Rust on Turfgrass
David Pfeiffer, Eric Radachi, Joseph W. Rimelspach
Department of Plant Pathology
The Ohio State University
Rust is a common fungal disease found on most species of grasses around World. Rust can be found early spring through fall depending on the location. Yellow flecks on the leaf blades are the first signs of rust disease on turfgrass. The yellow flecks enlarge which cause the leaf epidermis to rupture and release yellow-orange powdery spores. These fungal spores easily get on shoes, mowers, and pets but are not harmful to humans or animals. In severe incidences, infected grass can thin and individual shoots may die.
- Perennial Ryegrass (Most Common)
- Kentucky Bluegrass
- Tall & Fine Fescues
Rust is favorable in slightly warm moist conditions in conjunction with prolonged leaf wetness from dew. Wetness of the leaf blade for more than 10 hours with air temperatures between 68° and 86°F, are optimum growing conditions for this pathogen.
- Mid-Summer through Fall (Most Common)
- Optimum air temperature for pathogen 68-86 F
- Leaf wetness followed by rapid increase in temperature and high light intensity
Stressed grass from:
- Low nitrogen
- Low mowing height
There are many types of fungi that cause rust. The most common are Puccinia graminis (Black Stem Rust), Puccinia coronate (Crown Rust), Uromyces dactylidis ( Leaf Rust), and Puccinnia striiformis (Yellow Stripe Rust). The disease life cycle of rust is often very complex.
Genetic host resistance:
Today there are many new cultivars that have a high resistance to rust diseases. It is important before seeding to make sure you select a resistant cultivar. Visit the National Turfgrass Evaluation Program (NTEP) at www.ntep.com to find more information on rust resistant turf.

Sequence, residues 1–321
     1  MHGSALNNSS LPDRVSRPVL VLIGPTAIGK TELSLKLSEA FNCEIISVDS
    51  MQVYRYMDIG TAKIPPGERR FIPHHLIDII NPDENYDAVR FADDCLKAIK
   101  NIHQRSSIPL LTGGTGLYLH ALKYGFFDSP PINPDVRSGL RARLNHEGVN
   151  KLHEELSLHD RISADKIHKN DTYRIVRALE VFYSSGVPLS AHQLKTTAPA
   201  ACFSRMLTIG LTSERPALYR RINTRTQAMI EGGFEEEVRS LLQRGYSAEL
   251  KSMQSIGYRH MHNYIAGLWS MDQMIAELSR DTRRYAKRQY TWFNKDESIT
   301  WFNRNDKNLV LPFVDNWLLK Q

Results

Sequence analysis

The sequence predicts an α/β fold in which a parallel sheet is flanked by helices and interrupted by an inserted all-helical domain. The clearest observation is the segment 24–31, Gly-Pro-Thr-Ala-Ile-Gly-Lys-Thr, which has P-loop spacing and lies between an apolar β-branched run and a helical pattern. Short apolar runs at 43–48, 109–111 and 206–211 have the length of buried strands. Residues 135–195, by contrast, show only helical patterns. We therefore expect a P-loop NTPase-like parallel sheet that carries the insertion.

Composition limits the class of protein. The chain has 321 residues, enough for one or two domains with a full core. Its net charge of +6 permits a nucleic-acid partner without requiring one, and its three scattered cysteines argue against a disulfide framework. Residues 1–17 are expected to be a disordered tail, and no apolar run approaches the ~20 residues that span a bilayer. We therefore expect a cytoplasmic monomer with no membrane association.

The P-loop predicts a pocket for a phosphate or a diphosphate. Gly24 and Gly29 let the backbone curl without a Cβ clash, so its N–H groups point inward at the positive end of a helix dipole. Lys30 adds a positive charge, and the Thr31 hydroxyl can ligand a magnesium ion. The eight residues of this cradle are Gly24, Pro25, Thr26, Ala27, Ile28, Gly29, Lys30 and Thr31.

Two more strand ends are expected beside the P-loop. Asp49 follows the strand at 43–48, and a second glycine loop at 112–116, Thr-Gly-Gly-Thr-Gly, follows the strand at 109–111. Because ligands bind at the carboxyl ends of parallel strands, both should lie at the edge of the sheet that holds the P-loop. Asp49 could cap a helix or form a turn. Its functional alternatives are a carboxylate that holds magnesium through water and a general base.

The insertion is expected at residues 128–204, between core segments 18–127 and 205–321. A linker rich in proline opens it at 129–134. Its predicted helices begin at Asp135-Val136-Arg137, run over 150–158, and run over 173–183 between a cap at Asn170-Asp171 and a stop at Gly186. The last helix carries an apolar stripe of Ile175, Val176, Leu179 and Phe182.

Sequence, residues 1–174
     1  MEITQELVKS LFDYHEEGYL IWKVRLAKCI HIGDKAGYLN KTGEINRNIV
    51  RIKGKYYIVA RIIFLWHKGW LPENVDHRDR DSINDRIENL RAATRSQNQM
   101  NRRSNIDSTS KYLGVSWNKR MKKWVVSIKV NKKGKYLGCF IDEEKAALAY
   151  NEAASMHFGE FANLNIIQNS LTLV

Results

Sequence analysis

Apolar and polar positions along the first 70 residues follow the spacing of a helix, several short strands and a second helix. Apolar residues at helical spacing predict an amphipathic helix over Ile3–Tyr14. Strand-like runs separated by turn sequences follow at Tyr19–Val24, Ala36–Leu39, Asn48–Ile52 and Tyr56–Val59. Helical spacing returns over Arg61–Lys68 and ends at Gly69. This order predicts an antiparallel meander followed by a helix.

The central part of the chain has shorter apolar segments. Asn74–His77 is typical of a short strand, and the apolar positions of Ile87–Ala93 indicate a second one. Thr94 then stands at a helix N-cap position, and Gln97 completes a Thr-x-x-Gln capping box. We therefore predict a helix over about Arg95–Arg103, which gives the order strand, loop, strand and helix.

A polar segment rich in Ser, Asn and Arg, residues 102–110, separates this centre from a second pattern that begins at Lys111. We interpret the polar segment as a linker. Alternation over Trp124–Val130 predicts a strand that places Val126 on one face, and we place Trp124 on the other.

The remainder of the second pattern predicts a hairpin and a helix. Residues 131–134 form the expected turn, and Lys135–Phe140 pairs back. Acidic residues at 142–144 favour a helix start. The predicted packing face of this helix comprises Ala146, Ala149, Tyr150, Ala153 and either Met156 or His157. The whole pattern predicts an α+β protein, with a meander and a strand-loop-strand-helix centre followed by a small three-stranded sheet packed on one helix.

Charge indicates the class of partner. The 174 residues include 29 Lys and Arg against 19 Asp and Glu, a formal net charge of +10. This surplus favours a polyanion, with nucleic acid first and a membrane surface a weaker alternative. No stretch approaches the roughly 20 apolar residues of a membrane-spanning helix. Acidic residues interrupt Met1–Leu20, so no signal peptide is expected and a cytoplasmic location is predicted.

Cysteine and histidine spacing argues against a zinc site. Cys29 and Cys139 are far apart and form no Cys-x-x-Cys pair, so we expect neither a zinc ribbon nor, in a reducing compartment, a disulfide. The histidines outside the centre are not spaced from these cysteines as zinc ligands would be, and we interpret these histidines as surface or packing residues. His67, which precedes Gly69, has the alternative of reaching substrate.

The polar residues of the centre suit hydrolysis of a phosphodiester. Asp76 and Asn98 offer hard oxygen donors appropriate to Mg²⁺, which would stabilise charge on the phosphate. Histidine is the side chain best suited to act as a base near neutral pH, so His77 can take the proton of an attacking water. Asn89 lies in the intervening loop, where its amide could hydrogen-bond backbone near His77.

The most effective control for preventing rust is to establishing a healthy turf. Providing enough nitrogen and maintaining a proper irrigation regime will minimize the chance of rust. Below are key cultural practices to prevent this disease.
- Maintain a good fertility program adequate for healthy turf growth
- Avoid moisture stress
- Avoid irrigating in evenings
- Raise height of cut
- Manage Soil to avoid compaction
Fungicides are commonly not used to control this disease if proper plant health practices are being done. However, if a severe rust outbreak exists on a healthy turf stand, two fungicide families, DMIs and Strobilurins, are the most effective in suppressing the disease. Remember to follow application rates and make sure the fungicide is labeled for your area of application (i.e. residential lawn or golf course). Below are a few of the effective fungicides for rust. Post infection applications often are slow to reduce the disease and multiple application may be required. Preventative applications are much more effective.
- Clarke, Bruce, Dernoeden, Peter, and Smiley, Richard. Compendium of Turfgrass Diseases.3rd. St. Paul, MN: The American Phytopathological Society, 2007. Print. Pg. 43-44
- "Rust on Turfgrass Factsheet." Plant Disease Dianostic Clinic, Dr. Eric B. Nelson. May 2009 <http://plantclinic.cornell.edu/FactSheets/turfrust/rust.htm>
- “Leaf Rust.” Turfgrass Disease Profiles, Richard Latin. Purdue University. May 2009 http://www.ag.purdue.edu/btny/extension/pages/extpubs.aspx
- Cornell University turfgrass extension website